'This deeply researched and grippingly written biography brings Cromwell to life and exposes the Henrician court in all its brutal, glittering splendour.' Kate Williams, Independent Thomas Cromwell's life has made gripping reading for millions through Hilary Mantel's bestselling novels Wolf Hall and Bring Up the Bodies. But who was the real Cromwell? In this major new biography, leading historian Tracy Borman examines the life, loves and legacy of the man who changed the shape of England forever. Born a lowly tavern keeper's son, Cromwell rose swiftly through the ranks to become Henry VIII's right hand man, and one of the most powerful figures in Tudor history. The architect of England's break with the Roman Catholic Church and the dissolution of the monasteries, he oversaw seismic changes in England's history. Influential in securing Henry's controversial divorce from Catherine of Aragon, many believe he was also the ruthless force behind Anne Boleyn's downfall and subsequent execution. Although for years he has been reviled as a Machiavellian schemer who stopped at nothing in his quest for power, Thomas Cromwell was also a loving husband, father and guardian, a witty and generous host, and a loyal and devoted servant. With fresh research and new insights into Cromwell's family life, his household and his close relationships, Tracy Borman Tracy Borman tells the true story of Henry VIII's most faithful servant.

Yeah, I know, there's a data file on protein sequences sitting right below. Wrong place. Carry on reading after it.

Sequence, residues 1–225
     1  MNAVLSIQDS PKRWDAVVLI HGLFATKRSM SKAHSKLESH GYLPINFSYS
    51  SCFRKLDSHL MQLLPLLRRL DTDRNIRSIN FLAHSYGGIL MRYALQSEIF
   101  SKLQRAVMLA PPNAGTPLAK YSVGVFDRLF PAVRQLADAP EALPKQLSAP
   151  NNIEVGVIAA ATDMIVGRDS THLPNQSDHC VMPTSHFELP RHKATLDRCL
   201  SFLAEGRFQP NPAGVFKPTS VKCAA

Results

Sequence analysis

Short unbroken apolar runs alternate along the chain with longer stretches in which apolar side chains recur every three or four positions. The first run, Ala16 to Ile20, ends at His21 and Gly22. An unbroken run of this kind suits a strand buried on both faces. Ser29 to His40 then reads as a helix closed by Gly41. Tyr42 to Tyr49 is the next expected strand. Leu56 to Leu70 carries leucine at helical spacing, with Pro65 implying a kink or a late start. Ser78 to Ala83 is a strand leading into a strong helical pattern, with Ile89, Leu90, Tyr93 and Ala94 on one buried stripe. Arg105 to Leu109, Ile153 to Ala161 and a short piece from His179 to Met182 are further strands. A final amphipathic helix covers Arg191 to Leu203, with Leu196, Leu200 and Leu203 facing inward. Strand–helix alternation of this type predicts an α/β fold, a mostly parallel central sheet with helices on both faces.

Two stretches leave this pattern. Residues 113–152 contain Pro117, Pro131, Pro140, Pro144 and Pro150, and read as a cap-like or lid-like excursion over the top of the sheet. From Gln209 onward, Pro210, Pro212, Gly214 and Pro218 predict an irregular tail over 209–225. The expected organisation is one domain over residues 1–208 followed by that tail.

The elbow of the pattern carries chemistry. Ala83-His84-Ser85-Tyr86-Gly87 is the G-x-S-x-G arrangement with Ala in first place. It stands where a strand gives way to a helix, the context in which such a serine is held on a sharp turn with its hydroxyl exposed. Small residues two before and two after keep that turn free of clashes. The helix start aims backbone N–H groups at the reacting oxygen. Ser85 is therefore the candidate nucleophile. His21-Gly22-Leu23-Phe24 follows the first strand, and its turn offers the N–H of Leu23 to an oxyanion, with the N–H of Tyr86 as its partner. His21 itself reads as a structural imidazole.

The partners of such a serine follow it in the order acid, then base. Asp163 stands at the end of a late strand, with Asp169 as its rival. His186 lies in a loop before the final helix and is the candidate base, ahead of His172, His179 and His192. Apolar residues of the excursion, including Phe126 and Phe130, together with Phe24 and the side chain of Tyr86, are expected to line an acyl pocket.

- Author : Charles Lawson
- Publisher : Unknown
- Release Date : 1895
- Genre : Uncategorized
- Pages : 254
- ISBN : NYPL:33433082370317
For a King renowned for his love life, Henry VIII has traditionally been depicted as something of a prude, but the story may have been different for the women who shared his bed. How did they take the leap from courtier to lover, to wife? What was Henry really like as a lover? Henry's women were uniquely placed to experience the tension between his chivalric ideals and the lusts of the handsome, tall, athletic king; his first marriage, to Catherine of Aragon, was on one level a fairy-tale romance, but his affairs with Anne Stafford, Elizabeth Carew and Jane Popincourt undermined it early on. Later, his more established mistresses, Bessie Blount and Mary Boleyn, risked their good names by bearing him illegitimate children. Typical of his time, Henry did not see that casual liaisons might threaten his marriage, until he met the one woman who held him at arm's length. The arrival of Anne Boleyn changed everything. Her seductive eyes helped rewrite history. After their passionate marriage turned sour, the king rapidly remarried to Jane Seymour. Henry was a man of great appetites, ready to move heaven and earth for a woman he desired; Licence readdresses the experiences of his wives and mistresses in this frank, modern take on the affairs of his heart. What was it really like to be Mrs Henry VIII?